Using this watercolor, I began creating an original pattern. Then, I worked with Beverly Prewitt, the Men’s Costume Cutter/Fitter at CDC, to digitize the pattern using our computer assisted design (CAD) system. The benefit of digitizing the pattern is that the CAD system offers scaling, which allows printing customized patterns to fit any body type. From the newly created digital pattern, I then constructed four mockups for test fittings.

During the fitting process, Prewitt used the mockups, and noted the necessary adjustments to obtain the perfect fit for each interpreter. Those alterations were then inputted into the CAD system in order to print new patterns specific to each of the intended interpreters. With this complete, I authored instructions detailing garment construction so that any CDC tailor could be assigned the task of making these or any future blanket coat.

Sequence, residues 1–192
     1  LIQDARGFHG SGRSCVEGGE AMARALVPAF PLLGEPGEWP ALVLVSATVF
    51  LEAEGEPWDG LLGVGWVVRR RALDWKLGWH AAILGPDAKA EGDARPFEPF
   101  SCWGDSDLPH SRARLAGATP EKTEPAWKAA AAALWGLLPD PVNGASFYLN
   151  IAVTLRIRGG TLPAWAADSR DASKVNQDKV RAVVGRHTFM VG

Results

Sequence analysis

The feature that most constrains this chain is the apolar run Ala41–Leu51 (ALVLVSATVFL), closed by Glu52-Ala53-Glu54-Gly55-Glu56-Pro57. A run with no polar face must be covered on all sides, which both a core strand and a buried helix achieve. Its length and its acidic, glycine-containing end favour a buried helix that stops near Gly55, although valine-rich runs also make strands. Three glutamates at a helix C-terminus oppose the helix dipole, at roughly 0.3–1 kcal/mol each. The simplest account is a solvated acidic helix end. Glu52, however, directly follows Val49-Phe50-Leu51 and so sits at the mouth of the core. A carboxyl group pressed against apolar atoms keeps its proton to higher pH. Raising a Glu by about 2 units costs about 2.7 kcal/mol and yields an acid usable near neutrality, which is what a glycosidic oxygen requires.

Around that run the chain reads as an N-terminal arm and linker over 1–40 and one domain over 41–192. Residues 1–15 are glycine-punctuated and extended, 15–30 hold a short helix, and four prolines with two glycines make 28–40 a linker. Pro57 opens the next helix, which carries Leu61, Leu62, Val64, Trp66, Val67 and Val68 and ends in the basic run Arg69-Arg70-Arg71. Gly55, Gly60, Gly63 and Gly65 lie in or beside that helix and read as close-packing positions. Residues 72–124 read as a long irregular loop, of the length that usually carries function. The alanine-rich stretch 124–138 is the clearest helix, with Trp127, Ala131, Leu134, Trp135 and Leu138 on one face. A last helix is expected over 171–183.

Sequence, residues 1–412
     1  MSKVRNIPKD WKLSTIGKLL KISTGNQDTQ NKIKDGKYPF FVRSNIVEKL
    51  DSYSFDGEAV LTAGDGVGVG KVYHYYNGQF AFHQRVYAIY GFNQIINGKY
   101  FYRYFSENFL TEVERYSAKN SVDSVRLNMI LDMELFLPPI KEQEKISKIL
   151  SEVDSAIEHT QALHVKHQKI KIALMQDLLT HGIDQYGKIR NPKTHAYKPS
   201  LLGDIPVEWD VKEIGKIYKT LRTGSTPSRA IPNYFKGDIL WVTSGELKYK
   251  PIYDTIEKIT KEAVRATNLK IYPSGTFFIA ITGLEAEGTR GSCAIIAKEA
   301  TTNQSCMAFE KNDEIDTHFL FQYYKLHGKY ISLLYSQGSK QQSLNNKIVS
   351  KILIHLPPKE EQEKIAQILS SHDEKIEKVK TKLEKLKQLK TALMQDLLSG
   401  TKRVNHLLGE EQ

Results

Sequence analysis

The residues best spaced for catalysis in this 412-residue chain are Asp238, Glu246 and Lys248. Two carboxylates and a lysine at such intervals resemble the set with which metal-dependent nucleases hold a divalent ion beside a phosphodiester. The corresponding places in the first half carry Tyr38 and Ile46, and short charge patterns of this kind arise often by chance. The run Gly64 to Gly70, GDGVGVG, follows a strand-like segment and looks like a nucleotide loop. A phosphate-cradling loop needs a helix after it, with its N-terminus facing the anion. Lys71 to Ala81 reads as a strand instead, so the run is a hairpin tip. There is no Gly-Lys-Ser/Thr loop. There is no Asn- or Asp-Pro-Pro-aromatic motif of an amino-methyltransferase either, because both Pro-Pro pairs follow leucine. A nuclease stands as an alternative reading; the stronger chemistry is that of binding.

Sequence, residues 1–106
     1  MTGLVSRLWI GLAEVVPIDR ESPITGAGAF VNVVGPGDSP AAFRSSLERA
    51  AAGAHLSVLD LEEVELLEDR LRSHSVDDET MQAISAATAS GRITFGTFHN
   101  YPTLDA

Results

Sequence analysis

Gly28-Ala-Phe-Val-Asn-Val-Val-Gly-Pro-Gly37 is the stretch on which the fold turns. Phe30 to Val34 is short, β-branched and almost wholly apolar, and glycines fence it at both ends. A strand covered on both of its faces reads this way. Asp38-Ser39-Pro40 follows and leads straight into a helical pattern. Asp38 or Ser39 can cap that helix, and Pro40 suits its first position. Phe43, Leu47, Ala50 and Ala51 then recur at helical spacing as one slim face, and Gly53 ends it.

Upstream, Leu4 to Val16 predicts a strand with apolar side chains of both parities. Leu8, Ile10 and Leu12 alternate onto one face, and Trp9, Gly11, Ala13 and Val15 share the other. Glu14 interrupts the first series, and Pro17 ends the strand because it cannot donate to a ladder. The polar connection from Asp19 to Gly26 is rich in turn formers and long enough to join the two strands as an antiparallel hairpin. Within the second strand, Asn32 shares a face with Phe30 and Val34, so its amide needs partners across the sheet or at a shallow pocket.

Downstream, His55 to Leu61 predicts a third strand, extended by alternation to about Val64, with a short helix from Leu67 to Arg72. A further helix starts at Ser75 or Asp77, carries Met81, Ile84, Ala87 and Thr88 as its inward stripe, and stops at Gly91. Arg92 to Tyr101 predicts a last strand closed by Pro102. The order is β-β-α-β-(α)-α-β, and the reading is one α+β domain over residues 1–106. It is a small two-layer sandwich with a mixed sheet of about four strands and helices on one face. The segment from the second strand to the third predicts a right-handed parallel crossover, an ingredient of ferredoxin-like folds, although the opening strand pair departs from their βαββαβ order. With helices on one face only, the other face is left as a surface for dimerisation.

Once the patterns were corrected for the interpreters, Prewitt laid out the pattern pieces on recreations of 18th-century wool blankets and cut out the various coat pieces. Then coat “kits” were assigned to Tailors Joyce Hutton, Jenna Hallett, Lauren Ramsey, and me. Each stitcher worked on their coat independently, following the same basic construction method of seaming using a machine and whipping down seam allowances, stitching on wool tape to trim the coat’s edge, and applying tie closures down the coat’s front all by hand.

Using pattern weights, Beverley Prewitt weighs down the pattern pieces to cut out blanket coat “kits”.
Left to right: Joyce Hutton applying trim to the coat’s edge. Lauren Ramsey seams coat sleeve together. Jenna Hallett whipping seam allowance down. Photos by Michael Ramsey.